When there's not a clustered index on a table and a query is performed against it, a full table-scan will be needed as SQL Server has no idea of the order of the rows on the physical data pages. Regardless if all the rows in the result are found on the 1st page, SQL Server is unaware of this as there isn't a specific ordering (clustered index) for how the rows will be physically stored inside the database. Thus, it will check every page before returning a result-set. Here's the wikipedia definition of a full-table scan:
Full table scan (also known as sequential scan) is a scan made on the database where each row of the table under scan is read in a sequential (serial) order and the columns encountered are checked for the validity of a condition. Full table scans are usually the slowest method of scanning a table due to the heavy amount of I/O reads and writes required from the disk which consists of multiple seeks as well as costly disk to memory transfers. Sequential scan takes place usually when, the column or group of columns of a table (the table may be on disk or may be an intermediate table created by the join of two or more tables) needed for the scan do not contain an index which can be used for the purpose
By having a clustered index on the table, as rows are inserted they're physically being stored (on the data pages) in order according to the clustered index. For example, when a query is performed on the table that's using the clustered index column within the "where" clause, SQL Server is able to look-up the physical location of each of the rows (similar to an index inside of a book) and know the location(s) of every record that meets the specified criteria. Because of this there's no need to perform a full table scan since SQL Server knows the location of all the records for the clustered index and is able to go directly to the data page(s) where the information is stored.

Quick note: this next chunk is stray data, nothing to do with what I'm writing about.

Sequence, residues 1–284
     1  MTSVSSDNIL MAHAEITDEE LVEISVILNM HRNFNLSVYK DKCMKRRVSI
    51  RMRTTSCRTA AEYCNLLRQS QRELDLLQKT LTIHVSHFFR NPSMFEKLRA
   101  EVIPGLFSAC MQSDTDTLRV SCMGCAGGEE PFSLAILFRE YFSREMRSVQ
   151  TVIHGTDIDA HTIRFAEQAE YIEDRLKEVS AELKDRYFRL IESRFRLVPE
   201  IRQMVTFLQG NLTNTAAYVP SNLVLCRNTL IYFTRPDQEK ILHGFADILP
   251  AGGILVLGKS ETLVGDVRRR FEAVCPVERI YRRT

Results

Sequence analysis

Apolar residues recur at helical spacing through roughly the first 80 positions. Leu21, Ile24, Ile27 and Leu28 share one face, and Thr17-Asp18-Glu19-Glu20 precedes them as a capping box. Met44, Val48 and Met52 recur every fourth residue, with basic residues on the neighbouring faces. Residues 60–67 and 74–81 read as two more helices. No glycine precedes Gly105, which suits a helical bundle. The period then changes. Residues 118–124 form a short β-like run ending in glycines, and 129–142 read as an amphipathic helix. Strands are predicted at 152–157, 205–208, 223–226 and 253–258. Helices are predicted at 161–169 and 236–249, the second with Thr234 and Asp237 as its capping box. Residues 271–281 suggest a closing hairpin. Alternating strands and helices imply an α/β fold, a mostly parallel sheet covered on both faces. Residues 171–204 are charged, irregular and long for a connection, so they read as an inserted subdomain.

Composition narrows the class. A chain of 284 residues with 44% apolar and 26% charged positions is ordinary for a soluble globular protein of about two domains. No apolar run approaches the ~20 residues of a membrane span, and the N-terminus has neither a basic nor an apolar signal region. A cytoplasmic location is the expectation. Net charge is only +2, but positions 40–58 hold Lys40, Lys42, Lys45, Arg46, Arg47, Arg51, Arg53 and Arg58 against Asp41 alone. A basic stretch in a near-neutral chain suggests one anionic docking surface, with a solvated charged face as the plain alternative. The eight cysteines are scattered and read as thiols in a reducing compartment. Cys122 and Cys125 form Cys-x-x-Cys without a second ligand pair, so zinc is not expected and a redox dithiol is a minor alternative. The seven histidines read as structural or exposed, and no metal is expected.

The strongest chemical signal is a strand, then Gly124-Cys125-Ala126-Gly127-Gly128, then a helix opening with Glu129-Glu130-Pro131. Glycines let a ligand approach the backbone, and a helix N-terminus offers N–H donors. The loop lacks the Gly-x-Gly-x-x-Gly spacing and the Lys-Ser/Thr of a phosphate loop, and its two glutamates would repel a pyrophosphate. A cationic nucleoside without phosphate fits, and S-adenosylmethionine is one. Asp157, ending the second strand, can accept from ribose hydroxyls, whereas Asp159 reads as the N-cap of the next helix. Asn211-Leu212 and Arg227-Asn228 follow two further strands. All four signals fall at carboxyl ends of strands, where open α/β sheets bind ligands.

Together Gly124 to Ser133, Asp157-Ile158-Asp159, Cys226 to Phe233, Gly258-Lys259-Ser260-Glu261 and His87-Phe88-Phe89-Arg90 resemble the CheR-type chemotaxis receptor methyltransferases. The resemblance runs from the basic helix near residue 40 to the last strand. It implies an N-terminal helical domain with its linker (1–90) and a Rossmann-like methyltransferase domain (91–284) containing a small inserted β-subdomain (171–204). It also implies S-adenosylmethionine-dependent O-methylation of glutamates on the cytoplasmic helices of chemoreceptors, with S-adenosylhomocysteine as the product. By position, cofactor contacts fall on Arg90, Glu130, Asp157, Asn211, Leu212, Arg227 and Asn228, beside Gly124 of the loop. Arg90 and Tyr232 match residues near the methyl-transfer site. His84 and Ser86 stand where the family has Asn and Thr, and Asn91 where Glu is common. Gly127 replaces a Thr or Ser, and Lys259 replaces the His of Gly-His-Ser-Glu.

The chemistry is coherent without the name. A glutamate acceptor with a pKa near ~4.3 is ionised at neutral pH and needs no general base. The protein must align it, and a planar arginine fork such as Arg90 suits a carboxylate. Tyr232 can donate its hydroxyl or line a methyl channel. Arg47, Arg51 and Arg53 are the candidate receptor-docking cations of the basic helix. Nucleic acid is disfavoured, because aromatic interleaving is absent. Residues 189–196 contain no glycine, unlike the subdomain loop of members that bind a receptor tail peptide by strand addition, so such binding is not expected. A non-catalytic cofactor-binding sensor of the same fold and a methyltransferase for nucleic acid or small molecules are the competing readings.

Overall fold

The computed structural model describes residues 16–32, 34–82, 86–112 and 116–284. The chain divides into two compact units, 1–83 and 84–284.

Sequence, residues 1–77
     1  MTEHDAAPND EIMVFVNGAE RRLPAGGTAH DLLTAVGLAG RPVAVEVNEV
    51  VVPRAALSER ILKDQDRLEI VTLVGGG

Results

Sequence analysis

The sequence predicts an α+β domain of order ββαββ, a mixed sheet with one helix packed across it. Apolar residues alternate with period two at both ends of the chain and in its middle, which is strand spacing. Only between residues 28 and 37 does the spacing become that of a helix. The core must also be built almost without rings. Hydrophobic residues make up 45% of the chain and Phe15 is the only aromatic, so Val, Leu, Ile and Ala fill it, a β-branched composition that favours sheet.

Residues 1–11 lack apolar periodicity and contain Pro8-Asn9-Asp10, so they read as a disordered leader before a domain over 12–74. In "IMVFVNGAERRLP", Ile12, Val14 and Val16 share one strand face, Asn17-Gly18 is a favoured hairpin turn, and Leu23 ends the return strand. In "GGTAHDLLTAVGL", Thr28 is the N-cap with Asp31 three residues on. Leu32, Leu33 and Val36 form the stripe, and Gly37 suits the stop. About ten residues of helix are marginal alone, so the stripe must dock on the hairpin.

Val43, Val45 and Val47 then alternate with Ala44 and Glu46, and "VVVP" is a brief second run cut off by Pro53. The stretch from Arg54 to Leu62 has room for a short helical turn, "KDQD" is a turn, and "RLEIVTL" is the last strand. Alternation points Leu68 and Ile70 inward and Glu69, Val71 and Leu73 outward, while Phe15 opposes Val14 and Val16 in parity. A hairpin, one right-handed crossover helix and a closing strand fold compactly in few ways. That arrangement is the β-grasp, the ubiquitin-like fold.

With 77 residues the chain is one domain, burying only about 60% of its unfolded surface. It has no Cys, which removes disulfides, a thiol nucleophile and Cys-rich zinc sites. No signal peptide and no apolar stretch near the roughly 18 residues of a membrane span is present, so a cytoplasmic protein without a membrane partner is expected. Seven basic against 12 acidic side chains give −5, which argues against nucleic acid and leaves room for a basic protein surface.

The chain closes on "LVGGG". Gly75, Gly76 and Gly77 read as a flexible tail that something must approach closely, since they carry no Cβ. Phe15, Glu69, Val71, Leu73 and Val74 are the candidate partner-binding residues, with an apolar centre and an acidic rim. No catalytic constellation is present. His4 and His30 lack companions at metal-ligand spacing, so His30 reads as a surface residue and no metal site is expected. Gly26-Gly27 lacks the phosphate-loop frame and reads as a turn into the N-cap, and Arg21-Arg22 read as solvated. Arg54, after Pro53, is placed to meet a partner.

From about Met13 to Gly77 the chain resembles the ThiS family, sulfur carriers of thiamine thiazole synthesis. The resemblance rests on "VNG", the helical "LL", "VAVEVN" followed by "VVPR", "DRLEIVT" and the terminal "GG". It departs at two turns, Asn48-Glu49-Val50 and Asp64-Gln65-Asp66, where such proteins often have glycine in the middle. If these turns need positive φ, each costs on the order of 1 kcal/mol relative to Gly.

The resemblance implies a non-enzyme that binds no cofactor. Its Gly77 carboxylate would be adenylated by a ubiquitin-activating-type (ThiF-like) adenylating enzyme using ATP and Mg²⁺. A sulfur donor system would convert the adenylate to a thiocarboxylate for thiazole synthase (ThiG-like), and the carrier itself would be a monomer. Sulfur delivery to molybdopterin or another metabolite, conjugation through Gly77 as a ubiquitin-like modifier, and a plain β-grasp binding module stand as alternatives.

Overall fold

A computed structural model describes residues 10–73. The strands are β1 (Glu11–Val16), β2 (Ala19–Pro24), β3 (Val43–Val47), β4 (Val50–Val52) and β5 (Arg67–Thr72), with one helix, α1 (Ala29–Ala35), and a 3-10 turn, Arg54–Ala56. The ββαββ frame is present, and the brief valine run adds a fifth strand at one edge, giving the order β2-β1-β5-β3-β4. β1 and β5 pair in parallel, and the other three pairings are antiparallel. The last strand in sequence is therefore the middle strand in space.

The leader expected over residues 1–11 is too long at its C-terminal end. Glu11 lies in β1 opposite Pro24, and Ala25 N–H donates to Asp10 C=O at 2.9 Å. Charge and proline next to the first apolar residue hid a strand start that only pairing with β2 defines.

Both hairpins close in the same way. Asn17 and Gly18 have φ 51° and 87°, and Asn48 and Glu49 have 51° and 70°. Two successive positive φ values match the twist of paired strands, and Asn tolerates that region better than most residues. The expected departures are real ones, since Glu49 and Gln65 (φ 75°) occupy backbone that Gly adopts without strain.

I apologize the information above isn't entirely accurate as I'm not well versed in the internals of clustered/nonclustered indexes. As I mentioned in my previous post, the Stairway articles explain this very well and can help with most of the questions on indexes you may have. I hope it helps. :-D